clean eating

Here are five simple tips to green up your grocery shopping

Many of us are open to buying food from companies and countries that are committed to protecting the environment. But even though we want to be more socially responsible, life happens. We’re rushed by the time we arrive at the supermarket. We’re hungry. We just don’t have the time to read every ingredient on the nutrition label. Here’s the good news: There are simple shortcuts you can take that will green up your grocery cart.

What’s “sustainable”, anyway?
Sustainable foods are healthy for the environment, wildlife and our bodies. Sustainable food producers care about their workers’ standard of living. Sustainable is about minimizing the carbon footprint, and maximizing food security.

How are five ways to eat more sustainably

  1. Eat less meat and more beans. Peas, lentils and other legumes are called nitrogen “fixers”. They convert inert gas from the atmosphere into the type of ammonia needed for plant food, reducing the need to use as much synthetic nitrogen fertilizer. Livestock is a major driver of deforestation and loss of biodiversity. Livestock requires about 3.9 billion hectares of land for grazing and to produce animal feed. That’s an area that’s five times larger than Australia.
  2. Buy wild-caught U.S. seafood. American fisheries have some of the most stringent ecological rules in the world. Be open to sampling different fish species. If we ate what the oceans were sustainably supplying instead of insisting on only a few preferred fish species, we would further cut down on over-fishing our waters.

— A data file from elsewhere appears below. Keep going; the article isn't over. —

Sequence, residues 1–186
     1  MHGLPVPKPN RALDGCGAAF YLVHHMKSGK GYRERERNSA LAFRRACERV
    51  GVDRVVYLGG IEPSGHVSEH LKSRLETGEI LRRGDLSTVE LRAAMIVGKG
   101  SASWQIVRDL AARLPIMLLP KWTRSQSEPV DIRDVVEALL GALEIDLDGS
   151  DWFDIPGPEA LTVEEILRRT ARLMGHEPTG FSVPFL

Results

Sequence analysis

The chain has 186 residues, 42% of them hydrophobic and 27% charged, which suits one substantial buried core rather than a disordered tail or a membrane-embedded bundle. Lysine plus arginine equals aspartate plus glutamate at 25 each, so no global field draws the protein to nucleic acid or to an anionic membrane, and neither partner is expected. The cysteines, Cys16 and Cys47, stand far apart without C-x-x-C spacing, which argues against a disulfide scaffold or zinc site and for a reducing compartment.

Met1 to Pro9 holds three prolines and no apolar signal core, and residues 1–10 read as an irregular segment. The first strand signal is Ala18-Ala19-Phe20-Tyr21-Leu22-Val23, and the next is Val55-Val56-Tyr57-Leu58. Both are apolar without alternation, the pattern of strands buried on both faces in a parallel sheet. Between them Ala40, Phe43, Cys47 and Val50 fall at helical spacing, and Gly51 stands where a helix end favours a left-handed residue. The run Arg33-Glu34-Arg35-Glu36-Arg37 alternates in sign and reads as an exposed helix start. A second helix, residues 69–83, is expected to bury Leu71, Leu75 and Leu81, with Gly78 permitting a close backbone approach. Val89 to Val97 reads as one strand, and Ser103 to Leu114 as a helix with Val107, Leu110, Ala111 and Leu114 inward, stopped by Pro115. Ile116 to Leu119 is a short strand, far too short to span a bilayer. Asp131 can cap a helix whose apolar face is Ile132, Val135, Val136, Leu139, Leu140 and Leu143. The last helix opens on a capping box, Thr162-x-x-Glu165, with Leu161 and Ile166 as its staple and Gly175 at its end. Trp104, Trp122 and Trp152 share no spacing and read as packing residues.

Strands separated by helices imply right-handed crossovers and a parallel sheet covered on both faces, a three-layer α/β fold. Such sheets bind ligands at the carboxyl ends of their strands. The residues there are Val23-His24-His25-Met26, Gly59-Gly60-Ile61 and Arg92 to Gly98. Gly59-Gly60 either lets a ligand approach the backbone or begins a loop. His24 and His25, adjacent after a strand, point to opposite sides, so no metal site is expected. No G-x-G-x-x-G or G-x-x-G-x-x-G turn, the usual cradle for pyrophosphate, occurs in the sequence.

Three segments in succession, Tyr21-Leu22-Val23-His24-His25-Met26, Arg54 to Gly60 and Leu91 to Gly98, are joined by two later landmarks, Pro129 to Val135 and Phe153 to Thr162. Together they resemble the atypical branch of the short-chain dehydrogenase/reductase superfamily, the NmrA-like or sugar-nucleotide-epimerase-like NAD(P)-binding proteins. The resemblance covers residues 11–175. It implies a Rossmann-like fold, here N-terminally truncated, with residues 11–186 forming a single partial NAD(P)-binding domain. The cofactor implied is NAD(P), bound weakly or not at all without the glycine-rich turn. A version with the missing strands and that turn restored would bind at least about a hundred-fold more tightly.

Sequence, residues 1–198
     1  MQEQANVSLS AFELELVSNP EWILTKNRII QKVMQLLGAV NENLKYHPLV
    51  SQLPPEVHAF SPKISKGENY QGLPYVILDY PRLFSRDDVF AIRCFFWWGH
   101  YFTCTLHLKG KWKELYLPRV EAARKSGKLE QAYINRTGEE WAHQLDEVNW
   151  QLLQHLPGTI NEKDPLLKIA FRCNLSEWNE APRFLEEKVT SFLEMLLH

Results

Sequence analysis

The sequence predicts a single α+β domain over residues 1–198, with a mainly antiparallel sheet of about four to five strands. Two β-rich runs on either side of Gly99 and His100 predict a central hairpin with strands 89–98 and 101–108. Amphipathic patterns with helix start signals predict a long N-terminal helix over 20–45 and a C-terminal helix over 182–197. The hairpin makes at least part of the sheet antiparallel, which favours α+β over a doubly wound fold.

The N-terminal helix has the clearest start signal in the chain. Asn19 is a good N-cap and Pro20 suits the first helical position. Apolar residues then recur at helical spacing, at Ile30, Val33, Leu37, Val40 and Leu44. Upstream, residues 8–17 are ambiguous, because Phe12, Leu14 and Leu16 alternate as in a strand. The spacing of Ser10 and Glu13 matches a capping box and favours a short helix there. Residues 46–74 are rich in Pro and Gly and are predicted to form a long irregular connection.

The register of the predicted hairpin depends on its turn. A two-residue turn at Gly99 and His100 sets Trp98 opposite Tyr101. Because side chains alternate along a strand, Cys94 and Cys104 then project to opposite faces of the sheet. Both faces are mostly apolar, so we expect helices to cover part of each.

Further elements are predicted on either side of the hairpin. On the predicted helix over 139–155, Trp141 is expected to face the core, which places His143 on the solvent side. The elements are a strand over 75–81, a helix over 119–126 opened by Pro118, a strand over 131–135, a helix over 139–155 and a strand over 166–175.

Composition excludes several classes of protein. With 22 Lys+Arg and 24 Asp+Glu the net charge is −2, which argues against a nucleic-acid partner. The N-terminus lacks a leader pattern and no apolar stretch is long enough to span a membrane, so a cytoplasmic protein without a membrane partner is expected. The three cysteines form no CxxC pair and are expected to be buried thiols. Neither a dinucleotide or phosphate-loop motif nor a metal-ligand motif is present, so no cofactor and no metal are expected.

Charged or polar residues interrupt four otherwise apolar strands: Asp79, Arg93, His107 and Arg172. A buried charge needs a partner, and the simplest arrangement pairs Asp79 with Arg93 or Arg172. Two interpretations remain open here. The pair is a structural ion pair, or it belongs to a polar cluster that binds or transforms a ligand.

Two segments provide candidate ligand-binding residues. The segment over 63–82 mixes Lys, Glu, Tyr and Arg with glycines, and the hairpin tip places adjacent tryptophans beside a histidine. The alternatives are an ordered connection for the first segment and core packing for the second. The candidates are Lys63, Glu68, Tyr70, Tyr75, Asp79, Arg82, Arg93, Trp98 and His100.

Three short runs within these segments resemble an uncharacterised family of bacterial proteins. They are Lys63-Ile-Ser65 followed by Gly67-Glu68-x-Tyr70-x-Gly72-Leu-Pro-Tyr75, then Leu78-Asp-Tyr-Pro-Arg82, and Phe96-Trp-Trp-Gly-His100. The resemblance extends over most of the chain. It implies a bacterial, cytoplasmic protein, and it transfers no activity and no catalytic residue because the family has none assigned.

3. Look for palm oil on the label. Ninety percent of our palm oil comes from Malaysia, where it is sustainably grown and harvested. Palm oil has enabled Malaysia’s smallholders to earn more money and improve their standard of living. Plus palm oil production requires 7 to 10 times less land area than vegetable crops (such as soy and canola) to produce the same amount of oil. The Malaysian palm oil industry is also heavily involved with wildlife conservation.  
  4. Sign up for a Community Supported Agriculture Program (CSA). We all know the advantages to buying local produce, but not everyone has time to visit a farmer’s market consistently. CSA members purchase a share of local farmers’ crops in return for part of their harvest. In many cases, the farmer will deliver your healthful food to a convenient predetermined location, often with cooking suggestions.
  5. Grow your own garden. From a tiny window planter with your favorite herb to a sprawling community garden, there’s an option for everyone to experience the satisfaction of cultivating their own food. And nothing says “local” more than food grown in your own yard or neighborhood.

Now what to do with all that good food? Check out the easy fusion recipes in the Back to Basics cookbook, available on Amazon. All proceeds go to the Malaysia Palm Oil Wildlife Conservation Fund, which supports biodiversity and wildlife conservation efforts.

SEE ALSO  Healthy Malaysian palm fruit oil makes culinary news in Washington DC

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